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Friday February 5th, 2016

New Mexico Hero Mourned

Apollo 14 Astronaut Edgar Mitchell Passes Away at 85

(Alamogordo, New Mexico, February 5, 2016) - The last surviving member of the Apollo 14 crew, Astronaut Edgar Dean Mitchell, passed away February 4, at 9:30 pm, in West Palm Beach from a sudden illness.

IMAGE: Apollo 14 Astronaut Edgar Mitchell, the last surviving member of the crew, passed away on February 4, just hours away from the 45th anniversary of his touchdown on the moon.

Apollo 14 Astronaut Edgar Mitchell, the last surviving member of the crew, passed away on February 4, just hours away from the 45th anniversary of his touchdown on the moon.

Although Mitchell was born in Hereford, Texas, he always considered Artesia, New Mexico, his home because he spent most of his childhood there. A 1948 graduate of Artesia High School, the Navy veteran also held degrees in Industrial Management, Aeronautical Engineering, and Aeronautics and Astronautics. He held an honorary doctorate from New Mexico State University and several other universities.

Mitchell was the sixth man to walk on the moon. The Apollo 14 mission launched on January 31, 1971, landed on the moon on February 5, and returned safely to the Earth on February 9th. Mitchell was the Lunar Module Pilot and performed two lunar EVAs along with Mission Commander Alan Shepard. Command Module Pilot Stuart Roosa passed away from pancreatitis in 1994. Shepard succumbed to leukemia in 1998.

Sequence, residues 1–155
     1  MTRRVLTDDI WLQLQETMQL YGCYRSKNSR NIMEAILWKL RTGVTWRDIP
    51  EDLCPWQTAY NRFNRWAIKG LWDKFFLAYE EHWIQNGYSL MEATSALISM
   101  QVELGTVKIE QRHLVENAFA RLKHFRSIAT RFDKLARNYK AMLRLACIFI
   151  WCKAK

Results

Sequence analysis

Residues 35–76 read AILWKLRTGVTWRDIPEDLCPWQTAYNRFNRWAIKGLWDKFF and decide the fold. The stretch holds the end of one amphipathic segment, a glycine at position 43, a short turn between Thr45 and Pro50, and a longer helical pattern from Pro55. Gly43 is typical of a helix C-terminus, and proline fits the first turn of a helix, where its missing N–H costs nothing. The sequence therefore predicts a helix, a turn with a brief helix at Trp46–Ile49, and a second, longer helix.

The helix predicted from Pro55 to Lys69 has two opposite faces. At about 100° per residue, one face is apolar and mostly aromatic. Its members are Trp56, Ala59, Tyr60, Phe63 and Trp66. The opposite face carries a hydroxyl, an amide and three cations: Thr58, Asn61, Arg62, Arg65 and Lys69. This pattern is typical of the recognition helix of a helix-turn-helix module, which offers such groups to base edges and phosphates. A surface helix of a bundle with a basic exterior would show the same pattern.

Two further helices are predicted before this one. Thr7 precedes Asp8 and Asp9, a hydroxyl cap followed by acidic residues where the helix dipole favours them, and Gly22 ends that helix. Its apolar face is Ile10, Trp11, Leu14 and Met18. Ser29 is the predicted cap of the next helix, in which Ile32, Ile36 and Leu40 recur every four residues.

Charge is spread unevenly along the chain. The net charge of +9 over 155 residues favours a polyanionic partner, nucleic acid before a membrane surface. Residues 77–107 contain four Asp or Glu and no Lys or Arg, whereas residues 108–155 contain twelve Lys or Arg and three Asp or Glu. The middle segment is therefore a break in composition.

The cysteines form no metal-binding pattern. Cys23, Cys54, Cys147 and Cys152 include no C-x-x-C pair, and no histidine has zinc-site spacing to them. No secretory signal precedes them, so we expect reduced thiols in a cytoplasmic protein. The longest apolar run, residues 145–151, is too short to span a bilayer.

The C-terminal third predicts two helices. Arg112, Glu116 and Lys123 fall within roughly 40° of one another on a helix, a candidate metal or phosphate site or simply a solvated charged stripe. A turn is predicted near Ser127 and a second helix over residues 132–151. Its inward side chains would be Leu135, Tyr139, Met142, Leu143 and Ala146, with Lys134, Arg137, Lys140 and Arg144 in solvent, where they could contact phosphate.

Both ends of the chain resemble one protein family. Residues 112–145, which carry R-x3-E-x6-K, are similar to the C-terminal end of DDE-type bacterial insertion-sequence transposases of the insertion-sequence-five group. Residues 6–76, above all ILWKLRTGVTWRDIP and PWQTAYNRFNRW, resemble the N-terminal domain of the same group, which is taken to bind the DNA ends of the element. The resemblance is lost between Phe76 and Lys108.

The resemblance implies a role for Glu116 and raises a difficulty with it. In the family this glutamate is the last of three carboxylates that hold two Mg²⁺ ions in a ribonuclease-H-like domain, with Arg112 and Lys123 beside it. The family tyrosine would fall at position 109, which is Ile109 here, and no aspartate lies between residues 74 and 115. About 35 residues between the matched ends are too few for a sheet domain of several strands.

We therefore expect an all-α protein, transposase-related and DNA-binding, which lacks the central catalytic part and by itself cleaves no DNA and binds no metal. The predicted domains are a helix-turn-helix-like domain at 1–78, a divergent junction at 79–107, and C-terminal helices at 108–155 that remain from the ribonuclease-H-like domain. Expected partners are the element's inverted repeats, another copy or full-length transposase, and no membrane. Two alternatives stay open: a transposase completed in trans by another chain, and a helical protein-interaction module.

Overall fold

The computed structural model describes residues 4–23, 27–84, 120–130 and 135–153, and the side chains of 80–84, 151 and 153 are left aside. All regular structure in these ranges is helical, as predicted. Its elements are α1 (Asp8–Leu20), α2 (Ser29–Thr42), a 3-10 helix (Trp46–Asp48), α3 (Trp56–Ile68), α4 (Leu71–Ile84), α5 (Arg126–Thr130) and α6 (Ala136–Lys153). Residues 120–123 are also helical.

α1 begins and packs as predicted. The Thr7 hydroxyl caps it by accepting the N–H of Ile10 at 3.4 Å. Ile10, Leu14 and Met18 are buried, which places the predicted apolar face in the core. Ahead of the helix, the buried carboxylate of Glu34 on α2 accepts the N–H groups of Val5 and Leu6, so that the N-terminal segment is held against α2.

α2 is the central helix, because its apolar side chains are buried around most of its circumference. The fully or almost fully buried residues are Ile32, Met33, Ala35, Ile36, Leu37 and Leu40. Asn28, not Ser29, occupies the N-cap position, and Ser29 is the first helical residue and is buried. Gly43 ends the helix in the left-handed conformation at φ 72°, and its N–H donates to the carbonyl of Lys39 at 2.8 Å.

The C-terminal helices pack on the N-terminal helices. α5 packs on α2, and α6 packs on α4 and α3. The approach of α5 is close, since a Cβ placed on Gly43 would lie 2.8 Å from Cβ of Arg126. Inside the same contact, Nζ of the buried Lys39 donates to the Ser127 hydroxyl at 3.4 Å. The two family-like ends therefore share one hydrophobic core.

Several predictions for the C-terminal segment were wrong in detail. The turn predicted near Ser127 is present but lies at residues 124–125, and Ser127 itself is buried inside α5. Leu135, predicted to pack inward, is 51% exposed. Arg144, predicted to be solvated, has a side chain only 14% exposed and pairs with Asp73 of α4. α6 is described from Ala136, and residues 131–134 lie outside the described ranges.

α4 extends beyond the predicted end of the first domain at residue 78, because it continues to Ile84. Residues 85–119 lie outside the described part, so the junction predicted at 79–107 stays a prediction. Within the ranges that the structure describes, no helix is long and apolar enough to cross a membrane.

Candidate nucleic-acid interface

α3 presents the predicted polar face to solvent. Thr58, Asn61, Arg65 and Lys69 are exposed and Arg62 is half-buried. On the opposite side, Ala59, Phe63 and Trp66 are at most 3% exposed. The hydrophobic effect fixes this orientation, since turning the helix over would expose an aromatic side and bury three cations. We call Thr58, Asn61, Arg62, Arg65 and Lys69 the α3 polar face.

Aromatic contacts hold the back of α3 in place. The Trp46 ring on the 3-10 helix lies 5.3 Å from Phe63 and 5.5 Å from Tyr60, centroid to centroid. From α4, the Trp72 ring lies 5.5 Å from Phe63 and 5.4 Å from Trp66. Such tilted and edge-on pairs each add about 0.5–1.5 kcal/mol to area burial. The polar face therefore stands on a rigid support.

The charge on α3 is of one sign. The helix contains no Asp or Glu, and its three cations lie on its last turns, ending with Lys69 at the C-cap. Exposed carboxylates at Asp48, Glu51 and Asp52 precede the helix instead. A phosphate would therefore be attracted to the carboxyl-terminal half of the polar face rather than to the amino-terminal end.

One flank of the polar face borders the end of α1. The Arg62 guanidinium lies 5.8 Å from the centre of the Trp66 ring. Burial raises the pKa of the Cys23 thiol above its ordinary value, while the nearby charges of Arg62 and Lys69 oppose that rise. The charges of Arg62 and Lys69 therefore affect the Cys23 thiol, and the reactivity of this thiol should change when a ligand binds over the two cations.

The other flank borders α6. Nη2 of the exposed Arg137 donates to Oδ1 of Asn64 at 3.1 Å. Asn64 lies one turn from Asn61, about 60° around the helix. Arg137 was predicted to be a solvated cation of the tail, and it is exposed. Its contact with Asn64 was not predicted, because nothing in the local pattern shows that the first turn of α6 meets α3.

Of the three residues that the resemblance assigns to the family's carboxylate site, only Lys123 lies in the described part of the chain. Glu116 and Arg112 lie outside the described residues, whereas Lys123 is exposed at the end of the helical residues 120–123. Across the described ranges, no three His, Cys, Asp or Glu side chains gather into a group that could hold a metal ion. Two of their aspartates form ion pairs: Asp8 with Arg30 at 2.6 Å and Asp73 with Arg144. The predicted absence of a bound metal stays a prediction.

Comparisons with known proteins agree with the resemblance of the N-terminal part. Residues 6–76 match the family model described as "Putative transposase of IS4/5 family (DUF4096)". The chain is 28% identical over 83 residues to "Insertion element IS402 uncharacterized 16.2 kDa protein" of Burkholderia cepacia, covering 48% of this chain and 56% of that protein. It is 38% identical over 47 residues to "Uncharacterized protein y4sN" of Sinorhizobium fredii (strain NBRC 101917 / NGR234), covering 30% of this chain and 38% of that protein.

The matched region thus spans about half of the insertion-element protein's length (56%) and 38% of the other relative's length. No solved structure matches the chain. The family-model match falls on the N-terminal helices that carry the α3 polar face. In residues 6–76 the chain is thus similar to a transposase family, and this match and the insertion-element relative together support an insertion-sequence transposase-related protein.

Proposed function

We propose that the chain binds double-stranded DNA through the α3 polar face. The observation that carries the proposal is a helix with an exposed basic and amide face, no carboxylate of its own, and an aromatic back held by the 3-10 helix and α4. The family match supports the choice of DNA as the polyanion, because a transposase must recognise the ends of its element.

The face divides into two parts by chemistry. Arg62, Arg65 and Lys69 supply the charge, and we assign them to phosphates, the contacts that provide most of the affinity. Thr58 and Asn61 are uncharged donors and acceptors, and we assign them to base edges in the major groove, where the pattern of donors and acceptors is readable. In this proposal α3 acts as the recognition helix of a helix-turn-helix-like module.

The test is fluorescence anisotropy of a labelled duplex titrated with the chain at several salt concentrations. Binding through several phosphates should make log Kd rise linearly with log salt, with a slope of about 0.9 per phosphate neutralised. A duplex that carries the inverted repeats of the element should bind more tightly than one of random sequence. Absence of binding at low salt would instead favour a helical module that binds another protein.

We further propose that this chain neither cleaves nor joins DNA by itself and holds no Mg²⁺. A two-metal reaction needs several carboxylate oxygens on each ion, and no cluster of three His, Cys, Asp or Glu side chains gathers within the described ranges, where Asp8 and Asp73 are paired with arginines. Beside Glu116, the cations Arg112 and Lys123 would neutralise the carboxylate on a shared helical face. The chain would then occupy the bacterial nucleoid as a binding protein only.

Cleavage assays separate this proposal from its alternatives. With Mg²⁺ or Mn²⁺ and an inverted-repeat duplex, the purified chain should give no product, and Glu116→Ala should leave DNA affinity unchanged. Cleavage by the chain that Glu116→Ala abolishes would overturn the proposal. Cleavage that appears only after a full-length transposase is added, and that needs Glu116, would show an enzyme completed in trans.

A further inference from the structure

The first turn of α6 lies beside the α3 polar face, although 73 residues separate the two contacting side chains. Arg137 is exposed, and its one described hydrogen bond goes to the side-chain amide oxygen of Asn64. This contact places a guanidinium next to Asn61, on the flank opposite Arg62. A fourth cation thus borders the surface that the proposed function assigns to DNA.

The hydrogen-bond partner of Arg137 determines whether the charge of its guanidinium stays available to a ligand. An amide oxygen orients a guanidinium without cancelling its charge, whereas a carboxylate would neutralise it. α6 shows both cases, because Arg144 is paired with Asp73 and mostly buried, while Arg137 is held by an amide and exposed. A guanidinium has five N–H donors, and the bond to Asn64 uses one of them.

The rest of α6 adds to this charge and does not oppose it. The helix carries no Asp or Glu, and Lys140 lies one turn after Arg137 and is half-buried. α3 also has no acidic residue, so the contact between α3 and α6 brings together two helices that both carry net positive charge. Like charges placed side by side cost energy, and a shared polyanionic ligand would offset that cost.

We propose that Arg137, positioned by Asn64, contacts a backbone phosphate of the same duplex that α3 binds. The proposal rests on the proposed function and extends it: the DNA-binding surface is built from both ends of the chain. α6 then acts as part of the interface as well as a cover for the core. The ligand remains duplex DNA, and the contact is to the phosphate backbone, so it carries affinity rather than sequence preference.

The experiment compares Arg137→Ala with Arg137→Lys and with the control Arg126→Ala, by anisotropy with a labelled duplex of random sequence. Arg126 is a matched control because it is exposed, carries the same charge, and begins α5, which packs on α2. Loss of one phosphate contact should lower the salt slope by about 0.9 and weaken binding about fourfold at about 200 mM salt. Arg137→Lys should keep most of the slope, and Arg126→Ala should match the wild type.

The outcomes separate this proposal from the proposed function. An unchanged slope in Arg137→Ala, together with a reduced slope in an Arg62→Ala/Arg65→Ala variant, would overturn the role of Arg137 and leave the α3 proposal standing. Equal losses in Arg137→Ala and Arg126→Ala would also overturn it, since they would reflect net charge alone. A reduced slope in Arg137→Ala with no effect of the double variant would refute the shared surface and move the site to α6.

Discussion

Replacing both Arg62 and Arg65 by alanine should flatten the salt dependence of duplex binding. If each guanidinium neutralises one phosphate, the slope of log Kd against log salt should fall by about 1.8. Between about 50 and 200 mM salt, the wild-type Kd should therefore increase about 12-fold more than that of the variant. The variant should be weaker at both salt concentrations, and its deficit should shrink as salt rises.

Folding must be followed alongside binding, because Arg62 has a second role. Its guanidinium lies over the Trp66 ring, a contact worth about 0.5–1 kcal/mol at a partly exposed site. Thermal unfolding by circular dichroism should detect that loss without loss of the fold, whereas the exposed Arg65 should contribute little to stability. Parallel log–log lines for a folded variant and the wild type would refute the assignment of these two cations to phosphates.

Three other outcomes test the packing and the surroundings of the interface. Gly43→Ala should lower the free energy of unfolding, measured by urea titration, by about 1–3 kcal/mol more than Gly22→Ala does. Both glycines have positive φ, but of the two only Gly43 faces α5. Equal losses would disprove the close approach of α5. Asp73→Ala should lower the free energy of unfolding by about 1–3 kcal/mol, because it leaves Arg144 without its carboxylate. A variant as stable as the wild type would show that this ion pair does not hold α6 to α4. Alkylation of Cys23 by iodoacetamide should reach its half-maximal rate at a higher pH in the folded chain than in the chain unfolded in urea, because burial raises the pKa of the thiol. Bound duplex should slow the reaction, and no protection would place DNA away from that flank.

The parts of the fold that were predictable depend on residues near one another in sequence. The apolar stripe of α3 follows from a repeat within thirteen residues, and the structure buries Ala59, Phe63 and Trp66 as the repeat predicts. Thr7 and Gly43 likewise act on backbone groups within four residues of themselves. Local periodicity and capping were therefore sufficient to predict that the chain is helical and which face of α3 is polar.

“How fitting that Ed passed away within hours of the 45th anniversary of his landing on the moon,” said Museum Executive Director Chris Orwoll. “New Mexico is privileged to have been home to two Apollo era moonwalkers and we are all saddened for the loss of this amazing man.”

Mitchell was inducted into the International Space Hall of Fame at the New Mexico Museum of Space History in 1979. Mitchell was the author of several books, essays and articles. One of his better known quotes, from his book The Way of the Explorer, said in regards to how his mission to space affected him, “you develop an instant global consciousness, a people orientation, an intense dissatisfaction with the state of the world, and a compulsion to do something about it. From out there on the moon, international politics look so petty. You want to grab a politician by the scruff of the neck and drag him a quarter of a million miles out and say, ‘Look at that, you (censored).

The New Mexico Museum of Space History, a Smithsonian Affiliate is a division of the NM Department of Cultural Affairs. For more information, call 575-437-2840 or toll free 1-877-333-6589 or visit the website at www.nmspacemuseum.org. Like us at: www.facebook.com/NMSpaceMuseum.